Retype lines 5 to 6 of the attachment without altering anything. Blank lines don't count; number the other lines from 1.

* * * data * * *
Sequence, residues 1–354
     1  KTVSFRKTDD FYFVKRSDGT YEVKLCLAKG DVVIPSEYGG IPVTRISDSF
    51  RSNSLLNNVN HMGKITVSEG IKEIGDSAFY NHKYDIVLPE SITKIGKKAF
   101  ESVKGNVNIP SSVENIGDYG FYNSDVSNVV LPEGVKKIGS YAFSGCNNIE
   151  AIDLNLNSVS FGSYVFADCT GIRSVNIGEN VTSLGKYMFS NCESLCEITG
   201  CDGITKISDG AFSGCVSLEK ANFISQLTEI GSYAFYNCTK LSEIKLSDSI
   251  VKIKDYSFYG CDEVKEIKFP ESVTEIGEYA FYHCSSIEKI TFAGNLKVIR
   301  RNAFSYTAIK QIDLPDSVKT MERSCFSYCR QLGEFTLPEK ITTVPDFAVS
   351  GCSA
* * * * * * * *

   151  AIDLNLNSVS FGSYVFADCT GIRSVNIGEN VTSLGKYMFS NCESLCEITG
   201  CDGITKISDG AFSGCVSLEK ANFISQLTEI GSYAFYNCTK LSEIKLSDSI